A person’s first thought of a giant squid might be the bloodthirsty behemoth that attacks seafarers in 20,000 Leagues Under the Sea. But the animal’s reputation is a little over-inflated—the giant squid discovered last year might have been just a docile blob.
A New Zealand boat fishing in the Antarctic brought in the 1,000-pound female squid, and scientists have been studying the sea creature over the last year. But looking at its biology, they found that it’s unlikely the animal was a great ocean predator. Rather, the female squid bore quite a mother’s burden; the thousands of eggs she carried caused her to expand into a big blob as she got older, says marine biologist Steve O’Shea.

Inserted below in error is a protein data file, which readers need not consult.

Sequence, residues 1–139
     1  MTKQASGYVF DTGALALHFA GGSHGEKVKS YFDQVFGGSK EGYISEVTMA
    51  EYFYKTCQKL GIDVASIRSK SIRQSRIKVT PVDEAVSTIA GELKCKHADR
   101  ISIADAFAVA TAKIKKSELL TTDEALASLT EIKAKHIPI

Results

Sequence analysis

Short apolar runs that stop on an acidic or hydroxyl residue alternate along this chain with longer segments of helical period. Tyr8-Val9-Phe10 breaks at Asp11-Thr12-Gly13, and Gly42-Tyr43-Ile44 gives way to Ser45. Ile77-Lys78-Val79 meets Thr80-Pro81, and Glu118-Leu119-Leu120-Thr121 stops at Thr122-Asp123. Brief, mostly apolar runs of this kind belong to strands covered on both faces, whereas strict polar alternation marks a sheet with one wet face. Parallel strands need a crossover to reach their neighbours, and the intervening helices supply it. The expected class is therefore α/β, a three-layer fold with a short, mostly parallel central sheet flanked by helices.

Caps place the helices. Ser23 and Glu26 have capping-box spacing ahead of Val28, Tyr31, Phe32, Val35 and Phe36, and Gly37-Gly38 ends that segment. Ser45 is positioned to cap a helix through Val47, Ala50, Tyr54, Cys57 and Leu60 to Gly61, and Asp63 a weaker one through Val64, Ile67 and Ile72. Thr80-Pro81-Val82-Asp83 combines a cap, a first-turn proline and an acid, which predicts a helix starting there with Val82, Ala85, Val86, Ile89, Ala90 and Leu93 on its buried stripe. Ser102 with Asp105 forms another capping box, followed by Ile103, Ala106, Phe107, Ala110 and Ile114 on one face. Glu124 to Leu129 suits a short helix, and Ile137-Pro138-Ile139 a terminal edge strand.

As a result, the female’s ability to hunt would have been diminished. O’Shea says she probably just floated around and ate dead fish while her mate, who was presumably not expanding into a gelatinous orb, went off to hunt.
All is not lost for the squid’s public image, though. The specimen is going on display in Wellington, New Zealand, later this year, so perhaps its intimidating appearance will help restore its nasty reputation—after all, giant squids might even be cannibals.